No more Peri-Implantitis
The word «Peri-Implantid» (Peri-Implantitis) became known in the middle of the 1990ies. Until then all dental implants had been polished or machined. In the beginning of the 1990ies the big manufacturers created a new marketing and they began sto sell and to produce implants with rough surface. There was no scientific evidence for the advantage on these new implants, but the coup was successfull with the support of media. Dentists were told that success rate of the new implants would be higher and they believed it.
In our practice we see more and more patients with problems regarding their old, conventional implants. Around the implants a unstoppable chronic infection has developed and a lot of bone gets lost. Patients ask us for help.
After very precise clinical and radiografic diagnostic we can say that they suffer from «peri-implantid». This developement which is found only around the conventional implants can not be stopped or cured. The implants have to be removed sooner or later.
Furtunateley our implants which fit to any bone dimension (even after severe bone loss as it happens during «peri-implantid») and we can help these patinet by exchanging the implants. Typically there is no need for a bone augmentation or for healing times. So after 3 days our patients are back on fixed teeth and they dont have to fear that the same will happen again.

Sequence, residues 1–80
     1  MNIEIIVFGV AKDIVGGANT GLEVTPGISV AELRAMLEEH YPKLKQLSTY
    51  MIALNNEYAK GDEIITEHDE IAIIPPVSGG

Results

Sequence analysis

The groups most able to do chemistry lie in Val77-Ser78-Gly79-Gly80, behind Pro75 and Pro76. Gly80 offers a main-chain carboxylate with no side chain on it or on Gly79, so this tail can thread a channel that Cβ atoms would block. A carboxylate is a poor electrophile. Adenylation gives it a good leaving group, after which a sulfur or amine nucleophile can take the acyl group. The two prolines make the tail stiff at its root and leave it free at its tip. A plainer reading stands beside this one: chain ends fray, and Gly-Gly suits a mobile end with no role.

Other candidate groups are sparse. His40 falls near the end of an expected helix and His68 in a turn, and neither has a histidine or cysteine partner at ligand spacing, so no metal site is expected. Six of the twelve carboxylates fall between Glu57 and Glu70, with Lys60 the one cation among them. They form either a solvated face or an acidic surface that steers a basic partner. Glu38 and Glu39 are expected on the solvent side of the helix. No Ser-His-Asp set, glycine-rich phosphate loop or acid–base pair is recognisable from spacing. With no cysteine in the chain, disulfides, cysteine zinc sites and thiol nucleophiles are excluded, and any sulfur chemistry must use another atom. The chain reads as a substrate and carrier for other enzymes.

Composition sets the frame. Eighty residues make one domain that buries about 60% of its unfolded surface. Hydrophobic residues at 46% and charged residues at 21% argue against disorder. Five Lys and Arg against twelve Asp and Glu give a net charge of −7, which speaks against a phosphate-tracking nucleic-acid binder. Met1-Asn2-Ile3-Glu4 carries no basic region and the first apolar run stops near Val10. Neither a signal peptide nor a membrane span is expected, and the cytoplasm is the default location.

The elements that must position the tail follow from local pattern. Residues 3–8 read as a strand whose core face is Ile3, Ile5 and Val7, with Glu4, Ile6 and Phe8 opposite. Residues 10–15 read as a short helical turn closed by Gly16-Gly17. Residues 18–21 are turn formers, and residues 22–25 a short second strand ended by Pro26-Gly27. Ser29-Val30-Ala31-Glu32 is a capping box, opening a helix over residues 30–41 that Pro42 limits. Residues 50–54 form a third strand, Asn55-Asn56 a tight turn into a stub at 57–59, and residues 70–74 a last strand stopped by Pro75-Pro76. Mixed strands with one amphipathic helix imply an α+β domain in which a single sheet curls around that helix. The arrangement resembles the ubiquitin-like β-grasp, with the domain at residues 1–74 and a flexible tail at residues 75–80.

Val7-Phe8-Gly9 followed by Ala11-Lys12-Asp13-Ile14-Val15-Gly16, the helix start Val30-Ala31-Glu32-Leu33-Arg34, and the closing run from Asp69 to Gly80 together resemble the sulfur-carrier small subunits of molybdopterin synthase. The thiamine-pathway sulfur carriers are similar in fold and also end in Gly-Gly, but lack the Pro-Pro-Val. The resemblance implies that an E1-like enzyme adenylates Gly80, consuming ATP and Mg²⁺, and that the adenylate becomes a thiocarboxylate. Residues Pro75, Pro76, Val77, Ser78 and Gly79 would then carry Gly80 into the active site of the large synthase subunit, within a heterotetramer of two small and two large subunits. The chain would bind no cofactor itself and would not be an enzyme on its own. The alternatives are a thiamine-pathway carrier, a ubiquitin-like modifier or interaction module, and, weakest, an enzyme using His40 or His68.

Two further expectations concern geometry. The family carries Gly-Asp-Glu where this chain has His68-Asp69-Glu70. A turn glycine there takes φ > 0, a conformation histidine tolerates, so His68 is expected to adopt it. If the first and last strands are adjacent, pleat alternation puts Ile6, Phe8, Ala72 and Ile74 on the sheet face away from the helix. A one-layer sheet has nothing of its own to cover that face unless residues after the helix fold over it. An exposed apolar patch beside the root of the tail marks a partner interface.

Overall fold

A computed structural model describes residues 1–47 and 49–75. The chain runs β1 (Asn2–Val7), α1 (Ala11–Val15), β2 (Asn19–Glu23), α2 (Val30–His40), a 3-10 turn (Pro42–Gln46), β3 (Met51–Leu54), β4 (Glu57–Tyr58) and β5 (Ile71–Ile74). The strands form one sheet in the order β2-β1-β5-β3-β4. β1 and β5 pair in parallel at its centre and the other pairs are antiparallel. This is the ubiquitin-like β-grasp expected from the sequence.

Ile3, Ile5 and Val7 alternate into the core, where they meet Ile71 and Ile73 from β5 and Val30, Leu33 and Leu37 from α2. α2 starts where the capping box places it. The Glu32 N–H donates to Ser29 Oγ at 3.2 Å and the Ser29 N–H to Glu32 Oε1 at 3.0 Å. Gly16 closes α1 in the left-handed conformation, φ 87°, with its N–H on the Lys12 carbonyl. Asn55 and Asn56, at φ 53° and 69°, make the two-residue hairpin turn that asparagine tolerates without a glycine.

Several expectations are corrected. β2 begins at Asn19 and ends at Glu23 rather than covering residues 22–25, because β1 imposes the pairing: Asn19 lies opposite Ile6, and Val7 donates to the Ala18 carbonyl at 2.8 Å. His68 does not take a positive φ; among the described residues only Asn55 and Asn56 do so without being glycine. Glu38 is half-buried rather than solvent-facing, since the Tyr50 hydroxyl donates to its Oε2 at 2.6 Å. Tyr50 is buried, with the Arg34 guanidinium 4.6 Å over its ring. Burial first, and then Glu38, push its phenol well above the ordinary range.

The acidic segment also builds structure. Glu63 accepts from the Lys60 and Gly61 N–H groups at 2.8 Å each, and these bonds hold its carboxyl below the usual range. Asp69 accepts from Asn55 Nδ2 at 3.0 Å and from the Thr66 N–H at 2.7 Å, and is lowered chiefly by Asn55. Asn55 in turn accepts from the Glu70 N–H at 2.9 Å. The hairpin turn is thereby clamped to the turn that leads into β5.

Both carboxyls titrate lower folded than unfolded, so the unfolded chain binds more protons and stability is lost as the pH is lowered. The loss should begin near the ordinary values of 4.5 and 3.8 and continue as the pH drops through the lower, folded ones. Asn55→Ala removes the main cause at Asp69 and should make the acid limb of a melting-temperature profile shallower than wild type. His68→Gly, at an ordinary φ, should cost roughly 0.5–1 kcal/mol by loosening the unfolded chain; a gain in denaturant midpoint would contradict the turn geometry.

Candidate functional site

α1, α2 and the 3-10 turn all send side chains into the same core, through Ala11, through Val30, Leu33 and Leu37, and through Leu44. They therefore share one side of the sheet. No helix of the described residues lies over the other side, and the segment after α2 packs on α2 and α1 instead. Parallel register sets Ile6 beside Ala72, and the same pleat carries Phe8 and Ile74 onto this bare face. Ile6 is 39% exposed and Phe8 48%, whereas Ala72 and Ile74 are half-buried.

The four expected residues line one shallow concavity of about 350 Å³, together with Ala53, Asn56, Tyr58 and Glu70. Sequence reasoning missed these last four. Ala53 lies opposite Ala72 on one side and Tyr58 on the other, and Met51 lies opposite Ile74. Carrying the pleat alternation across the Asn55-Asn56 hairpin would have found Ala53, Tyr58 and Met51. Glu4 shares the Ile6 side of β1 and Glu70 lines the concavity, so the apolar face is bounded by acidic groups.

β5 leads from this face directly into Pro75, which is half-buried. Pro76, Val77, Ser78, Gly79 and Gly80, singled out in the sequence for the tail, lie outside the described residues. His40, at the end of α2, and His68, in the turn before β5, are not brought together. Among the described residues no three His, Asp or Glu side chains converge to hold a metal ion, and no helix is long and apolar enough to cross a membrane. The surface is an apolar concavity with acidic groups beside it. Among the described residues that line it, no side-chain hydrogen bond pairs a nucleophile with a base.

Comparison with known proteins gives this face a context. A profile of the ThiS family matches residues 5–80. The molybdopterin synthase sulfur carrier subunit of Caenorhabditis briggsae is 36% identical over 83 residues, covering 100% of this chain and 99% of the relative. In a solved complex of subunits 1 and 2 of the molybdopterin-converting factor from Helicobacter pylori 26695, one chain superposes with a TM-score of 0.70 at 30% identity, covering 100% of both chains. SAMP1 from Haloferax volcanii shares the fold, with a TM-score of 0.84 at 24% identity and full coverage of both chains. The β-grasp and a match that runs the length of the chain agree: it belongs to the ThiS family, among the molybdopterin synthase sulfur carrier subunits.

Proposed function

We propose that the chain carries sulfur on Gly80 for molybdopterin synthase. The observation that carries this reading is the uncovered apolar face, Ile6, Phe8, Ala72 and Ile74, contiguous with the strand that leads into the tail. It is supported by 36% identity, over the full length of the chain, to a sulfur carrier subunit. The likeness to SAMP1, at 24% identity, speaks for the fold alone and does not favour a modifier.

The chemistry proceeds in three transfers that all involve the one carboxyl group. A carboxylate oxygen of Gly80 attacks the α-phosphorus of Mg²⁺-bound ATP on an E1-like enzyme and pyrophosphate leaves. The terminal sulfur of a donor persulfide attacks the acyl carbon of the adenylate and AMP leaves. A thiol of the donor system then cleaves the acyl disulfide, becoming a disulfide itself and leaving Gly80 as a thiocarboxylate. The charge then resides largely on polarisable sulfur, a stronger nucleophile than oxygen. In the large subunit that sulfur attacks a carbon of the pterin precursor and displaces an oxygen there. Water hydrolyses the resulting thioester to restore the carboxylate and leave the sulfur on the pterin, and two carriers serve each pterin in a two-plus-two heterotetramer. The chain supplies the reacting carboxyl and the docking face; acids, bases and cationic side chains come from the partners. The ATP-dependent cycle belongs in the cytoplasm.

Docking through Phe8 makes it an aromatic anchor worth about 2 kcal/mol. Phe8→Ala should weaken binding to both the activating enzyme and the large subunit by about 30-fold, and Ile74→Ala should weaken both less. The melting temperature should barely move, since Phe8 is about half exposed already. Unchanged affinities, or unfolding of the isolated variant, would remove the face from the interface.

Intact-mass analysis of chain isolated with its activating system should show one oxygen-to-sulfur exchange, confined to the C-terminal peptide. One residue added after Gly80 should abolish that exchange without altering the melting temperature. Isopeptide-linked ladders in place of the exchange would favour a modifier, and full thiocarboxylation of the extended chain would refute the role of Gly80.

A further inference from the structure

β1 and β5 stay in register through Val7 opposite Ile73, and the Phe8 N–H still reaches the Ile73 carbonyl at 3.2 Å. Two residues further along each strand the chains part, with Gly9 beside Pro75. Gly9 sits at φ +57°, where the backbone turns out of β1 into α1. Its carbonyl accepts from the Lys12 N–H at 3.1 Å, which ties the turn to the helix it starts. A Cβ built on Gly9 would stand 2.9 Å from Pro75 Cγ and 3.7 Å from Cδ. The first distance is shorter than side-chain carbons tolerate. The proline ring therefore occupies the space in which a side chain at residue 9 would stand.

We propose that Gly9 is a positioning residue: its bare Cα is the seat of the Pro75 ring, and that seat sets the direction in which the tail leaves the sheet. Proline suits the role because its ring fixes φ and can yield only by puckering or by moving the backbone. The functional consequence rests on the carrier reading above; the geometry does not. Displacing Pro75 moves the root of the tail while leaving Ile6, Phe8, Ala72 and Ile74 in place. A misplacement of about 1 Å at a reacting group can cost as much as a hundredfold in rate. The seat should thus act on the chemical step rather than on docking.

Peri-Implantid and Oral Cancer
In the last 10 years a number of studies have been published and they point towards a correlation between traditional dental implants (2-stage implants with rough surface) with peri-implant infections and development of squamous cell carcinoma1, 2(oral cancer). It seems that the permanent infection around the big implant bodies with rough edosseous surfaces (which is called «Peri-Implantid»), like any other permanent irritant in the oral cavity, increases the risk of oral carcinoma already some time after the onset of the problem.
- Granados F, Santos-Ruiz L, Contreras M, Mellado J, Martin G, Bermudo L, Ruiz F, Aguilar Y, Yáñez I: Squamous cell carcinoma related with dental implants. A clinical cases report; J Clin Exp Dent. 2020;12(1):e98-102.
Sudhir Bhandari, Vidya Rattan, Naresh Panda, MS, Kim Vaiphei, MD, Bhagwant Rai Mittal: Oral cancer or periimplantitis: A clinical dilemma; The Journal of Prosthetic Dentistry, June 2016, 658 – 661